Facebook Messenger is launching a program to help the UN and government health organizations share timely coronavirus information with the public. The idea is to connect Messenger developers with government organizations to develop create apps and bots, in order to share updates about the pandemic, answer commonly asked questions and more.
Argentina’s Ministry of Health is one of the first to launch a Messenger experience using the new program. It enlisted Botmaker.com to create an app that can “answer questions from the public about coronavirus and … provide fast, reliable and official advice 24 hours a day,” Facebook wrote. It said that UNICEF and Pakistan’s Ministry of National Health Services are also using Messenger to share COVID-19 information.
“The Messenger experience allows [us to] support and serve citizens seeking up to date information on the coronavirus, while keeping our helpline open for more critical cases,” said a spokesperson for Pakistan’s minister of health.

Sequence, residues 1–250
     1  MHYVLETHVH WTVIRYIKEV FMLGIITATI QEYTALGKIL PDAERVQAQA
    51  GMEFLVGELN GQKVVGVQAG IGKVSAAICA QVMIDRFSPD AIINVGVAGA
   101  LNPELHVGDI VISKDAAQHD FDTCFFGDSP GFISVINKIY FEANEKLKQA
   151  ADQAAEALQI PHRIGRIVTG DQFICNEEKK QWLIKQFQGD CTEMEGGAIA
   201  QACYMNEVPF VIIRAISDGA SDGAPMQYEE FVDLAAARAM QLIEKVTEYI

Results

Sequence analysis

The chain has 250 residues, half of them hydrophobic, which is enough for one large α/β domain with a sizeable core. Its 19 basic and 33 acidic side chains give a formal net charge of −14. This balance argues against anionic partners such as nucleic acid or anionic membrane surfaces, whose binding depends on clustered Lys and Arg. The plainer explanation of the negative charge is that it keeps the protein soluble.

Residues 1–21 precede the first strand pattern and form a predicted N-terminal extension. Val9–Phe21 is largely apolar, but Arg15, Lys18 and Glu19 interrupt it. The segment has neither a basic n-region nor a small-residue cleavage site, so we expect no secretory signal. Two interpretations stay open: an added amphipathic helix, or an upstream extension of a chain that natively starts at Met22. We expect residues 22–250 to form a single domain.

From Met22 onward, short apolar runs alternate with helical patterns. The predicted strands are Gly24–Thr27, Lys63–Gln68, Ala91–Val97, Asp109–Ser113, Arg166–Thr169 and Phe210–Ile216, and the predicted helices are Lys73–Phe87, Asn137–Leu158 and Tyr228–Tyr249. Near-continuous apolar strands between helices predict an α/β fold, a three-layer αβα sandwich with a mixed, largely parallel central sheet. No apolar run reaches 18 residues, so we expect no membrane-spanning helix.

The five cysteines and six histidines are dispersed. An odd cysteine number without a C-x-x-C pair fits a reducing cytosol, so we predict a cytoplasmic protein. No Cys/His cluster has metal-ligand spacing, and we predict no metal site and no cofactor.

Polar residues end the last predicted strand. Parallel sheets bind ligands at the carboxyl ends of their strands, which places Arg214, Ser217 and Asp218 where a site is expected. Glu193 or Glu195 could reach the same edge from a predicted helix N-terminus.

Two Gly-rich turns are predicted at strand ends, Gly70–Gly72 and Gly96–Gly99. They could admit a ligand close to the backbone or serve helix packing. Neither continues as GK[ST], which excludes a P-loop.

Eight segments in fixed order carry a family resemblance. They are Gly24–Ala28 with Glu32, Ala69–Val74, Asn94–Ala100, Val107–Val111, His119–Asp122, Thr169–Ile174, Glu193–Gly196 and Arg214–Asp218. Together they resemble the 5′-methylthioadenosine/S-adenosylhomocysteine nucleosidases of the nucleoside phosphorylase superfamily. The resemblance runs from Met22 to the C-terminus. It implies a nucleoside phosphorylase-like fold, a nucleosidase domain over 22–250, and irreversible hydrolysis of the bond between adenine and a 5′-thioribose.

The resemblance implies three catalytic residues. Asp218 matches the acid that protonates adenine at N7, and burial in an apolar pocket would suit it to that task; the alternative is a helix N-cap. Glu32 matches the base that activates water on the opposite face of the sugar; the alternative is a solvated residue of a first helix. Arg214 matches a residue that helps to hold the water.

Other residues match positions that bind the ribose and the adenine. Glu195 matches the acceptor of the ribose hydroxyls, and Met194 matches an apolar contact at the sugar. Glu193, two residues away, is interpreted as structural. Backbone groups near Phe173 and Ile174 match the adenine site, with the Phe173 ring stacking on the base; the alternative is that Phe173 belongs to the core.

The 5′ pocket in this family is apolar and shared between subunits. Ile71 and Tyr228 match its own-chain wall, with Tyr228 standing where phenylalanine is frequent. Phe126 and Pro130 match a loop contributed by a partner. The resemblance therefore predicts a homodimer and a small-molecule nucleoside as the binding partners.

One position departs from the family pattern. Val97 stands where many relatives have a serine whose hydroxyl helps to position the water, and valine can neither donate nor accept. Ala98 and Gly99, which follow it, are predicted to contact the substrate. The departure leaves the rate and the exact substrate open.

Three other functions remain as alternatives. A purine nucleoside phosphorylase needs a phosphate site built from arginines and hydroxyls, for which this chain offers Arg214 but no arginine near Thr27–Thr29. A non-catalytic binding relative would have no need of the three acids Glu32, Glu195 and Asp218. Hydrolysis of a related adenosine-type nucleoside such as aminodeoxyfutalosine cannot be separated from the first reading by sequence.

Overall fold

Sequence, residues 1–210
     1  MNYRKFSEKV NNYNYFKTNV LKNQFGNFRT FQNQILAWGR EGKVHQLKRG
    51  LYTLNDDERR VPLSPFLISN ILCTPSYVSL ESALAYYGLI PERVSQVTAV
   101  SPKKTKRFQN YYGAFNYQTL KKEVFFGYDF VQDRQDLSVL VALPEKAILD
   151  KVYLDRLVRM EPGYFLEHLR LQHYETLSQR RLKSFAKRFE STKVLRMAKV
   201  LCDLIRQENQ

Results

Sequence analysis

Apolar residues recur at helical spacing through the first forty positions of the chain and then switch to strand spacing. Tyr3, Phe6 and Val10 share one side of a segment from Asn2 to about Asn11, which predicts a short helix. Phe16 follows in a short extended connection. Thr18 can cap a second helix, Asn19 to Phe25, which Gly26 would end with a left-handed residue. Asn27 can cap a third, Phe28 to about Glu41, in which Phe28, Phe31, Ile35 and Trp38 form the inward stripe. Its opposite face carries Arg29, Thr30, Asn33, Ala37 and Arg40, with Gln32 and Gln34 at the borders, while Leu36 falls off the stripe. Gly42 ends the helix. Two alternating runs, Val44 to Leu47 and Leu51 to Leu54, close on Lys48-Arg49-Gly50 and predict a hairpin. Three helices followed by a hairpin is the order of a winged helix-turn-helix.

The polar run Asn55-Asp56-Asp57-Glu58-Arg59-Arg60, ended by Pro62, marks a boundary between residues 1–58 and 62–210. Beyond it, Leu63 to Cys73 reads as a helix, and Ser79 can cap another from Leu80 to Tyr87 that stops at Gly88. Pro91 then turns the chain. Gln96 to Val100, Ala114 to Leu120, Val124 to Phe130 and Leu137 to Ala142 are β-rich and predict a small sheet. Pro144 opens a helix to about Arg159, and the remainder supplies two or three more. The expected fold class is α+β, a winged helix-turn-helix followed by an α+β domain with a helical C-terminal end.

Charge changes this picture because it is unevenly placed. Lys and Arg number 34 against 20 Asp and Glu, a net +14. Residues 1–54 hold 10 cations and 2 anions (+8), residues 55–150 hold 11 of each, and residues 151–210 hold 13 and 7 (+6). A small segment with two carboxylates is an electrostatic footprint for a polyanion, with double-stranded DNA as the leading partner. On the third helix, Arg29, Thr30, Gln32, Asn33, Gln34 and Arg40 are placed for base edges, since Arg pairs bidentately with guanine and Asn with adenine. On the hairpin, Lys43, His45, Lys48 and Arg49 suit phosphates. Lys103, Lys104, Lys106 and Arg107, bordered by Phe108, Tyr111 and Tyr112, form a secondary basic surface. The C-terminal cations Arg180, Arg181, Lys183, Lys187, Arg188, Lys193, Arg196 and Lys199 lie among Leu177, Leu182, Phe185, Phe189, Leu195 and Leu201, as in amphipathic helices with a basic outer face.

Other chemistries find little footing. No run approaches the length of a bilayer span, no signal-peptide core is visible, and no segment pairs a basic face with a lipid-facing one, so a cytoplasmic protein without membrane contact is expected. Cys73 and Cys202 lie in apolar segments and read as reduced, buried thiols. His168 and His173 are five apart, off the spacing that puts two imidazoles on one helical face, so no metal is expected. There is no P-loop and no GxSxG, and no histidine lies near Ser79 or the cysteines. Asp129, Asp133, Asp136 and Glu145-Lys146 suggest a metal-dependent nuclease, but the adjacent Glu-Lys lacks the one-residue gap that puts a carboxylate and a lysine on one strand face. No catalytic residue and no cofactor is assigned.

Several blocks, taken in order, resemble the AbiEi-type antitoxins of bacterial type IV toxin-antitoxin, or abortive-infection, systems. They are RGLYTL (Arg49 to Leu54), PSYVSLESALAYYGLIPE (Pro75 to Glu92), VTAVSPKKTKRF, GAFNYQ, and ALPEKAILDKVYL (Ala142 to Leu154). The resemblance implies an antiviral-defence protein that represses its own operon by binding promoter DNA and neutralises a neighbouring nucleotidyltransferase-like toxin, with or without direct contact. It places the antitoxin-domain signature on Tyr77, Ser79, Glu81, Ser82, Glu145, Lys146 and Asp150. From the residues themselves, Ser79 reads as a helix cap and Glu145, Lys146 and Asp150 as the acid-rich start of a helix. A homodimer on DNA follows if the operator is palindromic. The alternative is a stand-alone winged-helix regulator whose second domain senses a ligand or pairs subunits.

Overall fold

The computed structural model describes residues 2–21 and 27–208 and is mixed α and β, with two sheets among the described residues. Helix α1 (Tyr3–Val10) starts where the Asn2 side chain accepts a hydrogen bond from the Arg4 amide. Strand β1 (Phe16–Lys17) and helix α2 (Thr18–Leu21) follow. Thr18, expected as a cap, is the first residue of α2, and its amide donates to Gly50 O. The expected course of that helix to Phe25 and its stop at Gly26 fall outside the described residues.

Facebook is also creating a hackathon, encouraging developers to create messaging solutions around COVID-19 issues like social distancing. Participants will work on local and global solutions and get access to educational materials, tutorials and more.
Along with Facebook’s WhatsApp, Messenger is one of the most widely used messaging apps around the world with nearly 1.5 billion daily users. Since the service is free (if you have an internet connection), it’s often preferred by users to text messages that can carry a heavy fee.
That has made those platforms a prime source for false or misleading information. To combat that, Facebook, along with Google, Twitter and other tech giants, agreed to block the spread of coronavirus misinformation while promoting accurate content from official sources. Last week, Facebook created a new coronavirus information center for its News Feed and launched a chatbot and hub for WhatsApp.